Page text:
Linga Massage for Men – Tantric Workshops in Barcelona, London and Madrid
As well as looking at Lingam massage, its benefits, what it involves and tips on tantric massage for men, we will also find out some interesting facts about the origins of the myth and rituals of Linga worship, both in ancient times and today. Linga (masculine energy, or Shiva) and Yoni (feminine energy, or Shakti) are inseparable energies in the tantric tradition and go beyond ‘man-woman’, so they tend to appear together in various tantric or sacred sexuality rituals.
The Origins of the Lingam or the Myth of the Lingodbhva (emergence of the Linga)
There is no consensus regarding the origin of the Lingam myth, or of just how Shiva came to be in the Deodara forest. To summarize the story as far as possible, Shiva disguised himself as a vagabond and proceeded to provoke some wise, supposedly mystic worshippers of the god. He provoked them by dancing completely naked with his penis in full view, whilst making obscene, sensual movements. His provocative dance drove the sages’ daughters and maids crazy with desire. Shiva’s wanted to test the ascetics and see if they could recognize him, the Transformer of the Universe, in the guise of a filthy beggar.
The sages, who were unable to recognize Shiva and blinded by Maya – the world of illusions – were infuriated and incapable of understanding what was going on. Once they realized that the stranger would not answer any of their questions, they cast a spell on him to separate his phallus from his body. As soon as they had uttered the words, Shiva’s member fell to the ground, burning everything in its path. At the same moment an endless column of light shot all the way down to hell and up to heaven, laying waste to the whole of planet Earth, leaving all living creatures and worlds afraid and in mortal danger.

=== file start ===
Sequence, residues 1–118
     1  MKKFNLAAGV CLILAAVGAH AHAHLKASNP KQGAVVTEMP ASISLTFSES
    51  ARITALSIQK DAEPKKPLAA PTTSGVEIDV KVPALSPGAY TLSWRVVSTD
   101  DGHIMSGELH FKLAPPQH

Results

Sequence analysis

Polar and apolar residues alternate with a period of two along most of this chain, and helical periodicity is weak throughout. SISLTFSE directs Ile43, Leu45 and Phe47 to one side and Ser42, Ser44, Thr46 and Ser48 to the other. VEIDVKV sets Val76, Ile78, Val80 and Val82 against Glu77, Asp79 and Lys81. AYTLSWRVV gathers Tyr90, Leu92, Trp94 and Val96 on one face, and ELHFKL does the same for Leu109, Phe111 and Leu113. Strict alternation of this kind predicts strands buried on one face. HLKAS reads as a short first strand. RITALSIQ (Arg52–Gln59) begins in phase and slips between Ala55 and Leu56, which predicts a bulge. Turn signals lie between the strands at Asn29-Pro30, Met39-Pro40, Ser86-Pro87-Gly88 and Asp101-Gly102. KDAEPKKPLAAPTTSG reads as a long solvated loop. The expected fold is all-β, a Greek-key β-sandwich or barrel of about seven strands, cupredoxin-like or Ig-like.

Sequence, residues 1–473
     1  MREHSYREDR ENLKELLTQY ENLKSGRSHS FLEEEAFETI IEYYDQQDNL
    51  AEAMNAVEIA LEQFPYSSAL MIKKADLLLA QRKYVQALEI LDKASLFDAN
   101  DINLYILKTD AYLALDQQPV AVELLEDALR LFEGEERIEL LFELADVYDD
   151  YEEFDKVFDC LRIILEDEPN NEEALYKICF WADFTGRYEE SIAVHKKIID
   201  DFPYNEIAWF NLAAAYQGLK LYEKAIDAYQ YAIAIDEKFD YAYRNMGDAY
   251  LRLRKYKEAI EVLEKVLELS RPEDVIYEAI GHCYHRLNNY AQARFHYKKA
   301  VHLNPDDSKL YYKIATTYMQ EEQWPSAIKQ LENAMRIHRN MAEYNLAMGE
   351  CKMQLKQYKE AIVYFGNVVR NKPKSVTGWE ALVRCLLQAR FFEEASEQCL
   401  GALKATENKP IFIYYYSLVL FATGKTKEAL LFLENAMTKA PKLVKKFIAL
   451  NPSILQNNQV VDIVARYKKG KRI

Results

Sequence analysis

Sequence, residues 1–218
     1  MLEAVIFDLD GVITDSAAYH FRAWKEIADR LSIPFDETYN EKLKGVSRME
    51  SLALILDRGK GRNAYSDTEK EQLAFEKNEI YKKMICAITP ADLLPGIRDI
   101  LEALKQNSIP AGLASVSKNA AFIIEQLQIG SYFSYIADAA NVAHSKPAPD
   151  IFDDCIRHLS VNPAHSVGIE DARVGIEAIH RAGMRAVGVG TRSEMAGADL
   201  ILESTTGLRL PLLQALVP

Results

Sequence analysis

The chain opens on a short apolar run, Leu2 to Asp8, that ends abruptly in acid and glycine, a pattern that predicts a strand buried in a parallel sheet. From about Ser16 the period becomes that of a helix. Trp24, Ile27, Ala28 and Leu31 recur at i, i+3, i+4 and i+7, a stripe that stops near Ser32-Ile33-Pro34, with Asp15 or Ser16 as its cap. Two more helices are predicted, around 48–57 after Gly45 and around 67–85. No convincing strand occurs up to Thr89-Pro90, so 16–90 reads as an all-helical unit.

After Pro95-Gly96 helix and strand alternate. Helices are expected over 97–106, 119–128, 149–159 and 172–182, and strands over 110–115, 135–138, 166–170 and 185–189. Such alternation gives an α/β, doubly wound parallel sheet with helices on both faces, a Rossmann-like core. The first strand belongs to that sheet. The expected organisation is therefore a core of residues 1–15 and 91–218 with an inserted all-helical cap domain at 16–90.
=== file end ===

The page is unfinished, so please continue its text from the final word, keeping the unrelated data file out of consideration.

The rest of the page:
The so-called mystics were terrified and begged Brahma for help, but he reproached them for their ignorance. He also admonished them for believing that they were above the mundane just because they practised meditation, fasting, going on pilgrimages and making sacrifices. However, this did not help them to recognize Shiva. Brahma told them that the great goddess Parvati, daughter of the mountain, should adopt the form of a vagina in order to captivate the divine phallus. The goddess Parvati in the form of a vagina would become the pedestal upon which the great phallus would be placed and venerated with songs, flowers, offerings and perfumes.